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Task Force White Currahee improves ANSF capability, secures border

 

Written by Staff Sgt. Matt Graham
Task Force Currahee Public Affairs

The CurraheesFort Campbell KY, 101st Airborne DivisionPaktika Province, Afghanistan – Soldiers from Task Force White Currahee and Afghan National Security Forces denied insurgents freedom of movement across the Pakistan during Operation Sarak Basta III from June 21st-23rd.

Soldiers from the 2nd Battalion, 506th Infantry Regiment, 4th Brigade Combat Team, 101st Airborne Division with their counterparts, the Afghan National Army Soldiers from the 2nd Kandak, 2nd Brigade of the 203rd Corps, and the Afghan Border Police of the 2nd Zone conducted the operation in Paktika Province, Afghanistan.

Soldiers from Company C, 1st Battalion, 506th Infantry Regiment, 4th Brigade Combat Team, 101st Airborne Division, Task Force Currahee, prepare to conduct an air assault mission during the early morning hours on June 23rd. (Courtesy Photo)

Soldiers from Company C, 1st Battalion, 506th Infantry Regiment, 4th Brigade Combat Team, 101st Airborne Division, Task Force Currahee, prepare to conduct an air assault mission during the early morning hours on June 23rd. (Courtesy Photo)

Sarak Basta literally translates into “Road Block” in Dari, one of the two official languages of the Government of the Islamic Republic of Afghanistan.

The main objective of Sarak Basta was to find where insurgent fighters were crossing the border coming into and leaving Afghanistan and stop them.

“Denying the flow of fighters across the border through illegal border crossing points has a direct impact and correlation on the number of attacks throughout the interior of Afghanistan,” said U.S. Army Capt. Christopher Tanner, the commander for Company C, 1st Battalion, 506th Inf. Regt. and native of Birmingham, AL. “Every fighter we stop at the border is one that does not reach the interior to disrupt the Government of the Islamic Republic of Afghanistan’s peace and security efforts.”

Tanner commanded the main element, whose mission was to spread itself along roughly an 80-kilometer section of the border and stop insurgents  as they attempted to move personnel and supplies from Pakistan into Afghanistan.

The harsh terrain made it difficult for Coalition Forces to maneuver and obtain a tactically advantageous position.

Soldiers from Company C, 1st Battalion, 506th Infantry Regiment, 4th Brigade Combat Team, 101st Airborne Division, Task Force Currahee, pull security from the top of a mountain in Paktika Province during Operation Surak Basta III on June 23rd. (Courtesy Photo)

Soldiers from Company C, 1st Battalion, 506th Infantry Regiment, 4th Brigade Combat Team, 101st Airborne Division, Task Force Currahee, pull security from the top of a mountain in Paktika Province during Operation Surak Basta III on June 23rd. (Courtesy Photo)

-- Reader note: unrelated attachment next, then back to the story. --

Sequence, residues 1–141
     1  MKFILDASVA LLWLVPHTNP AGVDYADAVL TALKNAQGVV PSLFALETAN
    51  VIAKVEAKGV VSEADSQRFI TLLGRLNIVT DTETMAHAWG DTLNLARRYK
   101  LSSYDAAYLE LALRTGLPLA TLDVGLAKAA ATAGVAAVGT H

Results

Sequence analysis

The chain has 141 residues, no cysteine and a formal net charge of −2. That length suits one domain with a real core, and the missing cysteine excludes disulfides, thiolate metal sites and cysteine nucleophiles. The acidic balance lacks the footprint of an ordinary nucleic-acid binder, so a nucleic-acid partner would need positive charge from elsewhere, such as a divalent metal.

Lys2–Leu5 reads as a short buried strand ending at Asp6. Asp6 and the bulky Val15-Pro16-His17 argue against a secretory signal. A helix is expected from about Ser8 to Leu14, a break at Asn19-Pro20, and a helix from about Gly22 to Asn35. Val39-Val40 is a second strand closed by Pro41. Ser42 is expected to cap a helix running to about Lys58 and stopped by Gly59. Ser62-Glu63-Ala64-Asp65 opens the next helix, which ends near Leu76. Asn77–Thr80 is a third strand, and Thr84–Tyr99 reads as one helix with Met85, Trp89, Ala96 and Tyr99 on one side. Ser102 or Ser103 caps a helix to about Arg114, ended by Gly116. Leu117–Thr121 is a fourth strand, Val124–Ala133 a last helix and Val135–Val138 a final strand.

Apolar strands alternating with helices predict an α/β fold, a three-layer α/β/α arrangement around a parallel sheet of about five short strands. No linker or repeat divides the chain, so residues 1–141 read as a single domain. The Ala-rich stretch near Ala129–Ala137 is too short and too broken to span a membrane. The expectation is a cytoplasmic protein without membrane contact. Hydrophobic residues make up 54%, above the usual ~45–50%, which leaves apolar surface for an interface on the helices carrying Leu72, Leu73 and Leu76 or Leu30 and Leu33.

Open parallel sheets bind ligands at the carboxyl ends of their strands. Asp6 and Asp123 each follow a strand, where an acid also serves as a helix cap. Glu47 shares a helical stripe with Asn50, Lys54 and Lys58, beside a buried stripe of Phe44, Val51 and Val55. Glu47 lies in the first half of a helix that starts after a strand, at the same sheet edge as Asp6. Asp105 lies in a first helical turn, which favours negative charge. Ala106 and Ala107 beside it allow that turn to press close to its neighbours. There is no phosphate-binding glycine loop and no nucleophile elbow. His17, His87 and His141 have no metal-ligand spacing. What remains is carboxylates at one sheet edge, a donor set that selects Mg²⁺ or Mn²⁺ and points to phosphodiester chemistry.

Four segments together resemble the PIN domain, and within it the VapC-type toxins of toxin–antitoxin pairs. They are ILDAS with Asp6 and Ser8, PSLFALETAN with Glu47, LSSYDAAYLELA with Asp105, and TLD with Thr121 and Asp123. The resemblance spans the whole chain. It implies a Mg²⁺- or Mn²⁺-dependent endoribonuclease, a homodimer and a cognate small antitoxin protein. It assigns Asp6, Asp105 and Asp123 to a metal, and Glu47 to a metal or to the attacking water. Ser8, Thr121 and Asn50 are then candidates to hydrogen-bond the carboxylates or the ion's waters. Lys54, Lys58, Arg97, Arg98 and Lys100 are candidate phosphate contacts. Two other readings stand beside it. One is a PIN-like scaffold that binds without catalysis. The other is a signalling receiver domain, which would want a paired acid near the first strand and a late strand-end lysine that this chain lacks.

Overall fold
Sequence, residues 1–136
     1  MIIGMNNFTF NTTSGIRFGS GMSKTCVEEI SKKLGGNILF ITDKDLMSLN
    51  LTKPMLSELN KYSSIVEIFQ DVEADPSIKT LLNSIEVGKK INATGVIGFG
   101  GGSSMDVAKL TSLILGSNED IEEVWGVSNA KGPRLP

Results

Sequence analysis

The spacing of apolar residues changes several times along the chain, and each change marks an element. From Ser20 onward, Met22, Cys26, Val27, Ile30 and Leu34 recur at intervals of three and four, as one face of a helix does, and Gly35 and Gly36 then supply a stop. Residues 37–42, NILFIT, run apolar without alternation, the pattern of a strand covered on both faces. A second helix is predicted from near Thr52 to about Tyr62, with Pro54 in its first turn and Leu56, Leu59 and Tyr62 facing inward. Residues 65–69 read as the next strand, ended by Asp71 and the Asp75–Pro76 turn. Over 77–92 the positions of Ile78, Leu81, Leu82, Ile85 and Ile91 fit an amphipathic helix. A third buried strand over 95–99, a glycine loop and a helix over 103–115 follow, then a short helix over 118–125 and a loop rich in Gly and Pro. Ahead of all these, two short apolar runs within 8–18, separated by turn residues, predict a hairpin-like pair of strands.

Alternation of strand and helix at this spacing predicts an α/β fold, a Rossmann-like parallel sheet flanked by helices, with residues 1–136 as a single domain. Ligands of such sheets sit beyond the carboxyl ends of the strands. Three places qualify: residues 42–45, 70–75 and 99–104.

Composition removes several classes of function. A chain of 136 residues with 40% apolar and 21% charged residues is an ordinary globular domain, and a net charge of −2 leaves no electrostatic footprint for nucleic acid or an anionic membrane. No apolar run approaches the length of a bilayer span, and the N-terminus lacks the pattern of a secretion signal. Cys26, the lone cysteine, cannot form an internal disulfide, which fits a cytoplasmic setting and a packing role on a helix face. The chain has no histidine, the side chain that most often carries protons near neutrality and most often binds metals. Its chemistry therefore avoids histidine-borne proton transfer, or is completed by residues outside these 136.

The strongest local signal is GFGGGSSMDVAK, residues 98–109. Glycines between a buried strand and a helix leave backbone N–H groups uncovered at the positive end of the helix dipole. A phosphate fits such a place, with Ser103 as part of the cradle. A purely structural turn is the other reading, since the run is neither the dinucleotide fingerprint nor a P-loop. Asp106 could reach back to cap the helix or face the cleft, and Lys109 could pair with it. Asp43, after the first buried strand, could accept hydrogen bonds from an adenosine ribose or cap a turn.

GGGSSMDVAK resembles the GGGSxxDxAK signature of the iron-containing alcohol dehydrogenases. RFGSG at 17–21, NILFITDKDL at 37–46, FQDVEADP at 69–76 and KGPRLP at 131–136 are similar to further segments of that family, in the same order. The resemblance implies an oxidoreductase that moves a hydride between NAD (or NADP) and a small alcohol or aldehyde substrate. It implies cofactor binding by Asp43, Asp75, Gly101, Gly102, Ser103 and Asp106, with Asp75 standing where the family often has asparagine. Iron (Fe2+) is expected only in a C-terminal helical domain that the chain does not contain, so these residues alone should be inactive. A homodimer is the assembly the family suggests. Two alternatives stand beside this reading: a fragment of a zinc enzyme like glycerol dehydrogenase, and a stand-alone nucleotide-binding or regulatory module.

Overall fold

“We had to move from the valley floor to the high ground in order to be able to provide overwatch for the element clearing the villages, at night, while using Night Optical Devices,” said Tanner.

On this particular mission, the ANSF had the ability to witness first hand what the elite Afghan Commandos were capable of doing, Tanner said. Afghan Commandos are the equivalent to the U.S. Army’s Special Forces.

“It was very empowering for them to see the commandos, to see their competence and capability and to want to emulate that,” said Tanner. “We lead our ANA counterparts through personal example every day, but it is much more powerful to see one of their own providing that model to look up to for them.”

This mission was important for several reasons, the more immediate being to work with the ANSF to improve their capability to move in this harsh terrain and out maneuver the enemy, said Tanner.

The broader importance of the mission was for the U.S. forces to continue to teach their Afghan counterparts to successfully use their internal logistic and support systems to sustain themselves as they transition from the support of U.S. forces.

“Coalition forces will not be in Afghanistan forever, so it is vital that the local populace sees and believes that their government and their military is quite capable of providing for their welfare and security,” said U.S. Army 1st Lt. Andrew Campbell, a platoon leader from Company C, who calls Houston home.

Even though this particular mission did not see direct action with the enemy, Tanner said he feels like progress has been made.

“Locals were initially scared and distrustful due to the continuous insurgent intimidation in this area, but once they realized we were here to help, they began to open up and provide information about insurgents and their movements,” he said.

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